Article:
Jim Jarmusch's "Paterson" is the best movie of 2016 so far ...


I saw Jim Jarmusch's "Paterson" at the Cannes Film Festival back in May, but it still lingers in my mind. Its hypnotic, moody atmosphere is unique and the masterful direction by Jarmusch possibly a career best. The film is a poetry of people, places, lives that seem superfluous and without much purpose. In Jarmusch's world people come and go, words gets written down and erased, but there always exists memory. It raises it glass to the small details in life, those that we take for granted. 

The film is set in Paterson, New Jersey - home of Lou Costello and Poet Carlos Wiilliams!- and takes place in the span of seven days in the life of -the aptly named- Paterson, as played by Adam Driver, a bus driver that leads a simple life and takes refuge in writing poetry about the smallest things imaginable. He eavesdrops through conversations, take inspiration through family and friends and his partner Laura, as played by Iranian actress Golshifteh Farahani, herself a creative mind that turns their home into a layered, almost manically, labyrinth of stripes and matching colors. 

They both accept each other, flaws and all, like any true-to-life couple would. They defy their ordinariness by creating art and supporting each other the best way they can. It's a beautiful dissection of a relationship that could very well be your own. The film is an ode to the art of creating anything. Art is a powerful medicine for the soul and Jarmusch knows that very well having made his own cinematic medicine since his groundbreaking debut feature "Stranger Than Paradise" shook up the independent film movement in 1984.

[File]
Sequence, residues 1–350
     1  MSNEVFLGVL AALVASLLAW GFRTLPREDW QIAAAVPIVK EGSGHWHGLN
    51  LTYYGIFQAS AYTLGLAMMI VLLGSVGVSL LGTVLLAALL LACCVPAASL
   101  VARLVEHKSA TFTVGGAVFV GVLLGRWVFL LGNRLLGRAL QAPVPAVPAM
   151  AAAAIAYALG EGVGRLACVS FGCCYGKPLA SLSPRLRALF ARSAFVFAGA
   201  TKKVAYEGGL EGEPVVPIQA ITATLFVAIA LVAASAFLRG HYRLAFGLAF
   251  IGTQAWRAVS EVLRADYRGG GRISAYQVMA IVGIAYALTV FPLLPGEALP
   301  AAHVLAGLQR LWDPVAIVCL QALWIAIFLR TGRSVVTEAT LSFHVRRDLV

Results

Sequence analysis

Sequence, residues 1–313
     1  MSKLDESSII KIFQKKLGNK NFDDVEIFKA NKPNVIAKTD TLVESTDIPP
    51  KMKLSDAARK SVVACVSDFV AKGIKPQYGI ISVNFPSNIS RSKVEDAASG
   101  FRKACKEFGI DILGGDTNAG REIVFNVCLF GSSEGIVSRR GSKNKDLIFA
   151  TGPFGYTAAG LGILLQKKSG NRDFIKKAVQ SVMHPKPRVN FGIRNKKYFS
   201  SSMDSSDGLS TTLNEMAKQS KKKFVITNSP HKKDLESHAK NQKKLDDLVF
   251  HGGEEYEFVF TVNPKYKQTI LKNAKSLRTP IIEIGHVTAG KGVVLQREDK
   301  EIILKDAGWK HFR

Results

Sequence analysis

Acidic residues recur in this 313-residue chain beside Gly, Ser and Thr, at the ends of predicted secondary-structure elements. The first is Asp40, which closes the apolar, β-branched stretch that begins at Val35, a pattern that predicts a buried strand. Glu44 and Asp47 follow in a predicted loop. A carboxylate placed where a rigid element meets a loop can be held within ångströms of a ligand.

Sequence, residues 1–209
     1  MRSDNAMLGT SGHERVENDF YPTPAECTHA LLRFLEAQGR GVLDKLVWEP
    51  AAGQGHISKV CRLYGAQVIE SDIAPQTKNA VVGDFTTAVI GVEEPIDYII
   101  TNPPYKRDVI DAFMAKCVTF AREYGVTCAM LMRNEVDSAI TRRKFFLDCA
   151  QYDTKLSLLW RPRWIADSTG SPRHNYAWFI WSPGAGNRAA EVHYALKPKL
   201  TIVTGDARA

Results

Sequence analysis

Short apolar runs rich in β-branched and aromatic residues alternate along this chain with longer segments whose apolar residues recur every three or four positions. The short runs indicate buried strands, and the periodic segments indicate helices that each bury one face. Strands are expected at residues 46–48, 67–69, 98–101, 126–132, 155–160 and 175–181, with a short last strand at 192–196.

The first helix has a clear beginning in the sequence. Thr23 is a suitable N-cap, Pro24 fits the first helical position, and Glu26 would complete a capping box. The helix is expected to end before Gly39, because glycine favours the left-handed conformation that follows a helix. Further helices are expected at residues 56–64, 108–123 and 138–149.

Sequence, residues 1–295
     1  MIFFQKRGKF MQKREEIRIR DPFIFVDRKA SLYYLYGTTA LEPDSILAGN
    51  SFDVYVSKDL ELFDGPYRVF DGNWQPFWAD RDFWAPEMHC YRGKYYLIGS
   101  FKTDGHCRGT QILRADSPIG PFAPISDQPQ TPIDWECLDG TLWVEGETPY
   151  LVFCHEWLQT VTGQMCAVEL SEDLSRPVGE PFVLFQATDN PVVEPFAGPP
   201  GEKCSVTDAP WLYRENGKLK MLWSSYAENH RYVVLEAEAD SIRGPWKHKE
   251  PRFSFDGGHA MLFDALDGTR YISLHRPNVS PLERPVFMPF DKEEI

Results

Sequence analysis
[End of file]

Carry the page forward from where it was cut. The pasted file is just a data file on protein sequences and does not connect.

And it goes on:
"Paterson" is quietly affecting and contemplative enough to blow your mind in certain sequences. This is a film about people that are not materialistic, not influenced by money. They ride like freewheelin' artists through life's necessities but stamp it with their own, unique mark. It is such an important movie for our times that it makes you appreciate every second, every moment of your absurdly mysterious life. 

The film is a stylistic departure for Jarmusch, it is also his most personal film. It has to be. Here is a risky endeavor for an artist that has taken his fair share of risk-taking leaps. In "Paterson" he takes nothingness, the most mundane details imaginable, a white canvas and fills it with such artistry and magical elegance to take your breath away. It is not only a wise film, but also a lovely one as well. A career peak if you will.

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